|Other names||GSK1120212, trametinib dimethyl sulfoxide (DMSO)|
|Drug class||MEK inhibitor|
|Main uses||Melanoma, non-small cell lung cancer, anaplastic thyroid cancer|
|Side effects||Rash, diarrhea, tiredness, swelling, nausea, fever|
|Typical dose||2mg OD|
|Chemical and physical data|
|Molar mass||615.404 g·mol−1|
|3D model (JSmol)|
Trametinib, sold under the trade name Mekinist, is a medication used to treat certain types of melanoma, non-small cell lung cancer, and anaplastic thyroid cancer. Specifically it is used for cancers with the BRAF V600E mutation. It is taken by mouth.
Common side effects include rash, diarrhea, tiredness, swelling, nausea, and fever. Other side effects may include new cancers, bleeding, colitis, blood clots, and heart failure. Use during pregnancy may harm the baby. It is a MEK inhibitor and blocks both MEK1 and MEK2.
Trametinib was approved for medical use in the United States in 2013 and Europe in 2014. In the United Kingdom a month of medication costs the NHS about £4,800 as of 2021. This amount in the United States costs about 13,200 USD.
It is used in melanoma with a specific mutation. In this mutation, the amino acid valine (V) at position 600 within the BRAF protein has become replaced by glutamic acid (E) making the mutant BRAF protein constitutively active.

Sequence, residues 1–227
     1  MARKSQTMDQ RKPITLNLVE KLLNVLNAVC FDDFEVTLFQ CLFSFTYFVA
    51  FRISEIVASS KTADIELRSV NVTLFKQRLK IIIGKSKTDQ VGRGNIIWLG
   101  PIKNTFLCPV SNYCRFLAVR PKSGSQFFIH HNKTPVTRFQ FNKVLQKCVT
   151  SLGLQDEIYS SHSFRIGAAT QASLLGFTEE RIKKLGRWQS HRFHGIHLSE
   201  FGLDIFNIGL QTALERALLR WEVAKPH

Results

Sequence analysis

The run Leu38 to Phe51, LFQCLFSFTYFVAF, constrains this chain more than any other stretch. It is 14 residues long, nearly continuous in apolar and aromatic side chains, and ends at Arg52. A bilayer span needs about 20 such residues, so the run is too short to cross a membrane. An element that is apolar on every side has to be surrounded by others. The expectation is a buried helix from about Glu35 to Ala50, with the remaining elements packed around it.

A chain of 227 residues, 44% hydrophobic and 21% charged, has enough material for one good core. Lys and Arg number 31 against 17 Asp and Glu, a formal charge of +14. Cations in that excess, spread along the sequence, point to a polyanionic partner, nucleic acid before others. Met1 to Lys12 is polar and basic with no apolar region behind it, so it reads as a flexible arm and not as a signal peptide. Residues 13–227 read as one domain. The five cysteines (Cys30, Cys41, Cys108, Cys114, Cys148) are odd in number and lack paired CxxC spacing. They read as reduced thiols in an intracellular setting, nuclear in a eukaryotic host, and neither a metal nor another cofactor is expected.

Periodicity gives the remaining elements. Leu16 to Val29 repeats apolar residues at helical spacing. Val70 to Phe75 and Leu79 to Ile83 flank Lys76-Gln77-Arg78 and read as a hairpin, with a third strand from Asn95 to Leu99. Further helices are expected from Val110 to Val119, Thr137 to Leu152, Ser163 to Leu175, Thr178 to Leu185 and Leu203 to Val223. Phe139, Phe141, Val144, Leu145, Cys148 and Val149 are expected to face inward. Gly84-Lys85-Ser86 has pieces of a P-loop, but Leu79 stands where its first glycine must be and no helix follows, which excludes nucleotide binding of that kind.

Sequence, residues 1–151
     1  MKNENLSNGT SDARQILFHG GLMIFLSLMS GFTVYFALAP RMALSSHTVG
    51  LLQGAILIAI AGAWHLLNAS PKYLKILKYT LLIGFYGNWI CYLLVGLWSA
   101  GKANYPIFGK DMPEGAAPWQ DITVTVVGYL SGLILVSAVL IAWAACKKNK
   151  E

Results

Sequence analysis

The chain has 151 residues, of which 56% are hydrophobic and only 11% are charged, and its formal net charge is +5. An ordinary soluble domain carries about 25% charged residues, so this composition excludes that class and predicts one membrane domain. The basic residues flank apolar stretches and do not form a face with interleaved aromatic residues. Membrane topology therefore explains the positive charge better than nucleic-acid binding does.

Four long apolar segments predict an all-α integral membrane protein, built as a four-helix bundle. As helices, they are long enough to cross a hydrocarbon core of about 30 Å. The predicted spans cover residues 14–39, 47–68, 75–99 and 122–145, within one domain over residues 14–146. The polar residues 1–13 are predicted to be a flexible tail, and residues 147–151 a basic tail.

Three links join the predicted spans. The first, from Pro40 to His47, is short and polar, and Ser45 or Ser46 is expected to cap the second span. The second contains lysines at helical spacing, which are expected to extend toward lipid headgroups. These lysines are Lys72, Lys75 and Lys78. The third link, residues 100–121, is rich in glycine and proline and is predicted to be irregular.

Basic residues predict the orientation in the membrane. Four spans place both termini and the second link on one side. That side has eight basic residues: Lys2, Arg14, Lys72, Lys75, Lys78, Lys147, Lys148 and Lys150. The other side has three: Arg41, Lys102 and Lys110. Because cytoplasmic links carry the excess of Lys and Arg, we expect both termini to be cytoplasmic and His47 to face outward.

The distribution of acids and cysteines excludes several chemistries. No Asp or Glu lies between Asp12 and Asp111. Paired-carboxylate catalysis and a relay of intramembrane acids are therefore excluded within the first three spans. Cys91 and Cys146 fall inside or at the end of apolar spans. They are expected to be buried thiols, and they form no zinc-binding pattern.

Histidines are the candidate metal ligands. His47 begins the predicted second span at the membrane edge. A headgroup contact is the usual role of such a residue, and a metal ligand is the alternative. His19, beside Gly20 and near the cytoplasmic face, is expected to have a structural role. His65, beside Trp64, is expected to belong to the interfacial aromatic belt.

In a person with a sequence variant in the ARAF gene, trametinib helped the lymphatic system to remodel toward a healthier state, reducing lymphatic edema. This benefit would not occur in most people because it is specific to genomes similar to the reported one, but it is potentially lifesaving for the few people with such genomes. This case provides an example of what precision medicine can accomplish.
It is taken at a dose of 2mg per day.
In May 2013, trametinib was approved as a single-agent by the Food and Drug Administration for the treatment of patients with V600E mutated metastatic melanoma. Clinical trial data demonstrated that resistance to single-agent trametinib often occurs within 6 to 7 months. To overcome this, trametinib was combined with the BRAF inhibitor dabrafenib. As a result of this research, on January 8, 2014, the FDA approved the combination of dabrafenib and trametinib for the treatment of patients with BRAF V600E/K-mutant metastatic melanoma. On May 1, 2018, the FDA approved the combination dabrafenib/trametinib as an adjuvant treatment for BRAF V600E-mutated, stage III melanoma after surgical resection based on the results of the COMBI-AD phase 3 study, making it the first oral chemotherapy regimen that prevents cancer relapse for node positive, BRAF-mutated melanoma.
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